April 21 2013 04:34PM
I'm hearing it everywhere this season, well, mostly on Coach's Corner and on the comment section of my website. "The Leafs are winning because they're tougher and fighting more."
In fact, the New York Rangers lost their fighter Brandon Prust in the offseason. They've gone from 1st in the league in fighting majors to 24th (through Saturday, according to HockeyFights.net) and have gone from Presidents' Trophy contenders to bubble team.
Prust went from New York to Montreal in the offseason. Montreal went from 22nd in fighting majors last season to seventh, and have since gone from a lottery team to a team competing for the title in the tough Northeast Division with the likes of the Boston Bruins! The other team in that division, Toronto, lead the league in fights and are going to make the playoffs for the first time in nine years!
Clearly, fighting means something right?
April 15 2013 05:39AM
PDO doesn't stand for anything, but that doesn't mean we can't learn anything from adding up the overall shooting and save percentages for a team at even strength. A layman's explanation for 'PDO' and why we use it can be found here over at the Backhand Shelf. Basically, if a team is playing with a PDO number way higher than 1.000, they're producing above their expected output. If a team is playing with a PDO number below 1.000, they're producing below their expected output. Over the course of a long season, the number will generally correct itself.
April 14 2013 07:26AM
MacKinnon, Duchene, Landeskog - the young Avs will be impressive.
Photo by MR_53 via Flickr Photostream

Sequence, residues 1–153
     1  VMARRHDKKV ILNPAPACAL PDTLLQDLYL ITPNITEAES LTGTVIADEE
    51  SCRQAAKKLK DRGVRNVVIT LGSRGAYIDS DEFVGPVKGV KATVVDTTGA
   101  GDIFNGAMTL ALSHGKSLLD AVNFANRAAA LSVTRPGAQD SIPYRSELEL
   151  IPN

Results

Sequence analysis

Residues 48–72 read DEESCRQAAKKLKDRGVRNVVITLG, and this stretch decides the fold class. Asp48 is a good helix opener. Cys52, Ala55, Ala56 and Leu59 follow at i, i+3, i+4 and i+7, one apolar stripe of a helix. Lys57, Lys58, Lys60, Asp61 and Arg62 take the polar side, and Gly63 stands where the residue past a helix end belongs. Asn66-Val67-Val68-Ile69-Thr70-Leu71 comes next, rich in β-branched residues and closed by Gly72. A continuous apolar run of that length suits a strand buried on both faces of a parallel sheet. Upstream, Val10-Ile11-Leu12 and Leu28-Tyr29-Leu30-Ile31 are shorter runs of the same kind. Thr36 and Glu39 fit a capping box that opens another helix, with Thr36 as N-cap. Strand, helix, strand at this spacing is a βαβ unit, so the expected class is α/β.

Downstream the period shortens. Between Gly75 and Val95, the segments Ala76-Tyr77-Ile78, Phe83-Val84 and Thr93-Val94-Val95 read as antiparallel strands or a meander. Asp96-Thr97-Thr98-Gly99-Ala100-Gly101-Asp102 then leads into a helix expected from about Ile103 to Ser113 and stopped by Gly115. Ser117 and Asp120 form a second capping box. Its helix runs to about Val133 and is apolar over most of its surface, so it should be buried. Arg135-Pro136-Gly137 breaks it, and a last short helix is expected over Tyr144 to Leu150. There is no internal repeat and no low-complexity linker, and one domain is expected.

The top of the draft order is beginning to take shape. The Southeast Division (which will no longer exist after the draft) is set to snag 3 of the top 5 picks and three Canadian teams might be drafting in the top 10.
The mock draft uses the NHLNumbers Predictive Model and the NHL Numbers Consensus Top 100 List for the picks. The sources for the consensus list are Bob McKenzie, Future Considerations, ISS, Ryan Kennedy, Craig Button, Corey Pronman of Hockey Prospectus, and The Scouting Report. Their rankings are weight by their accuracy in ranking previous drafts: Bob McKenzie's rankings carry the most weight as he's the most accurate prognosticator in the group.
April 14 2013 06:56AM
Photo by Robert Kowal via Wikimedia Commons
The season winds down and only a few playoff positions are still open. We're still churning through our power rankings model based on underlying statistics and their predicative ability. Our rankings aren't based solely on the current NHL standings, though points earned are a portion of the model, they are based on a number of underlying metrics so the rankings are constantly in flux.
We're still tweaking the model, so we're not quite ready to unveil it, but consider this NHLNumbers' current best effort at predicting the standings and playoff pairings at the end of the season. One item of note - 38% of the game is luck, and we don't attempt to predict or model that 38%, and we don't plan to.
April 13 2013 09:42AM
Photo by: Bri Weldon, via Wikipedia Commons
Barring a very late surprise run up these rankings, the players at the top of these rankings have broken up into a couple of very clear stratifications. Seth Jones is a clear #1 at this point, with 6 of the 7 1st-place rankings among our sources. Then the next two on the list - Halifax teammates Nathan MacKinnon and Jonathan Drouin are well ahead of the rest of the pack. And mirroring that same gap, Aleksander Barkov and Valeri Nichushkin are now well clear at #4 and #5.
Nichushkin, the big (6'4 198) Russian winger is the biggest mover in the top 18 this month, up two spots to #5. He's had a marvelous KHL playoffs as his Traktor Chelyabinsk team has advanced to the Gagarin Cup Finals against Dynamo Moscow. But Nichushkin will not see the end of the series - he's been at the centre of a national controversy, and will leave to play with the national team after game 4.
The sources for the consensus list are Bob McKenzie, Future Considerations, ISS, Ryan Kennedy, Craig Button, Corey Pronman of Hockey Prospectus, and The Scouting Report. Their rankings are weight by their accuracy in ranking previous drafts: Bob McKenzie's rankings carry the most weight as he's the most accurate prognosticator in the group.